New Zealand Mud Snail
What are they?
New Zealand mud snails are tiny (less than 6 mm) aquatic snails that are adaptable to diverse climates and environmental conditions. They are found in freshwater and brackish environments.
Are they here yet?
Yes. New Zealand mud snails were first discovered in the lower Columbia River in 2002 and, on November 16, 2009, in Olympia’s Capitol Lake. Other known locations are include the lower Columbia River, the Long Beach peninsula, Kelsey Creek (King County), Thornton Creek (King County), and Lake Washington.
Why should I care?
New Zealand mud snails are considered a high invasive threat to freshwater and brackish water environments. They can dominate river and lakebed habitat by achieving densities of more than 100,000 per square meter. They out-compete native aquatic snails and insects that other species depend on for food. Disruption of the food chain can lead to reduced growth rates and lower populations of fish.
What should I do if I find one?
Do not purchase, plant, or trade this species. Report online
How can we stop them?
Clean, drain, and dry any watercraft after use—this prevents hitchhiking of any aquatic invasive species, including fish and shellfish diseases.
Thoroughly brush off any debris from waders, boots, and equipment that came in contact with stream or lake water, then wash the gear in hot water (140F), or freeze the gear overnight.
What are their characteristics?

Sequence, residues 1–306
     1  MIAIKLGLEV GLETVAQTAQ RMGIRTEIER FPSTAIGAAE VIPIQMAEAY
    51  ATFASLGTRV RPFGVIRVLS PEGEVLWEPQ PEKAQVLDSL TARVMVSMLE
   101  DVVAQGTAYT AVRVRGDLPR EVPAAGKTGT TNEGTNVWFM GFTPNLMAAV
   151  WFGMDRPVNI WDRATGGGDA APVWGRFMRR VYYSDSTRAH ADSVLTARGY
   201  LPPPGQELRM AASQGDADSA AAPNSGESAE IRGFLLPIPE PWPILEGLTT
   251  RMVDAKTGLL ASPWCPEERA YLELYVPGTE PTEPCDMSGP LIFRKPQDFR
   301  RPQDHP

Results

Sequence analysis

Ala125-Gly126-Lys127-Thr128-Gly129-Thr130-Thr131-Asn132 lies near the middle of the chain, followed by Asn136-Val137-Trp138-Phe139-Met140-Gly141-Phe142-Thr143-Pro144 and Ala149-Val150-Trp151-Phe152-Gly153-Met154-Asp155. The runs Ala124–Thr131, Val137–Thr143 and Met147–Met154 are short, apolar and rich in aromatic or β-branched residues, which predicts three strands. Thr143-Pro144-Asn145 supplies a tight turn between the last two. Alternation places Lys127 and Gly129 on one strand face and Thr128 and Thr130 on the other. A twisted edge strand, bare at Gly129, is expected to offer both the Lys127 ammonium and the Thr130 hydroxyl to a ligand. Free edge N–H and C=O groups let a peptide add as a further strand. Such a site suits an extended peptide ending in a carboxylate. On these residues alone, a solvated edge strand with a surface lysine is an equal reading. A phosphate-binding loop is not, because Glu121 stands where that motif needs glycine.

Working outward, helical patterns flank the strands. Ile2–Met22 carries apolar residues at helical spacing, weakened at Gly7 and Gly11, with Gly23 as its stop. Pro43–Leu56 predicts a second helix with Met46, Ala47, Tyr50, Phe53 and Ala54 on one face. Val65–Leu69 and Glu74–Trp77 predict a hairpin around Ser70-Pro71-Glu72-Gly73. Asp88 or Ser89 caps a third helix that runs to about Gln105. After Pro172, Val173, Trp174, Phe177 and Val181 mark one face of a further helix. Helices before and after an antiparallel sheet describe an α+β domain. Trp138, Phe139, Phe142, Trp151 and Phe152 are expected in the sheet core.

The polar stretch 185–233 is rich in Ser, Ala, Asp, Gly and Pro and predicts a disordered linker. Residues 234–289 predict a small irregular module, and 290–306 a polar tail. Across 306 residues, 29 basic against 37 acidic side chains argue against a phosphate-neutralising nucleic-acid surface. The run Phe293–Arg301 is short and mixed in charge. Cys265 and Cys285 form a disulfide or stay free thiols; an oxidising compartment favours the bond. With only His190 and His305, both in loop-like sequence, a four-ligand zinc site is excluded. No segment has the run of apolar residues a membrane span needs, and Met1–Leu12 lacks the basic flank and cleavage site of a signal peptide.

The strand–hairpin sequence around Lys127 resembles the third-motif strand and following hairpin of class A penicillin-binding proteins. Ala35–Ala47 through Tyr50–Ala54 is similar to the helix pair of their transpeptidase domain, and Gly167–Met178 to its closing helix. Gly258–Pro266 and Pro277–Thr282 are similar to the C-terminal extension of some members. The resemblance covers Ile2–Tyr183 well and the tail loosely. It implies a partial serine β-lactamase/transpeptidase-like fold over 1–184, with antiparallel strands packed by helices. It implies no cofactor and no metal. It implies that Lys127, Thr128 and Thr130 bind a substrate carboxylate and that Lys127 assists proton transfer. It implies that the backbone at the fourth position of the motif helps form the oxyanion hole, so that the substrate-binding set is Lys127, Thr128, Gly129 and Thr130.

New Zealand mud snails have five or six whorls and generally are light to dark brown, but can appear black in color, especially when wet.
Adults are 4-6 mm in length.
Generally self-reproducing by cloning — a single snail can rapidly reproduce and colonize a new area.
The opening of the shell has a movable cover called the operculum that allows the snail to seal itself inside, which protects it from short-term exposure to chemicals. It can survive out of water for weeks in damp, cool conditions, and it can pass-through the digestive tracts of fish and birds unharmed.
It can tolerate a wide range of habitats, including brackish water, and many different substrates such as rock, gravel, sand, and mud.
It is a nighttime grazer, feeding on plant and animal detritus, algae, sediments, and diatoms.
How do I distinguish them from native species?
Several species of native freshwater and estuarine snails can be confused with New Zealand mud snails because of their small size. A powerful magnifying loop or microscope may be needed to positively identify them.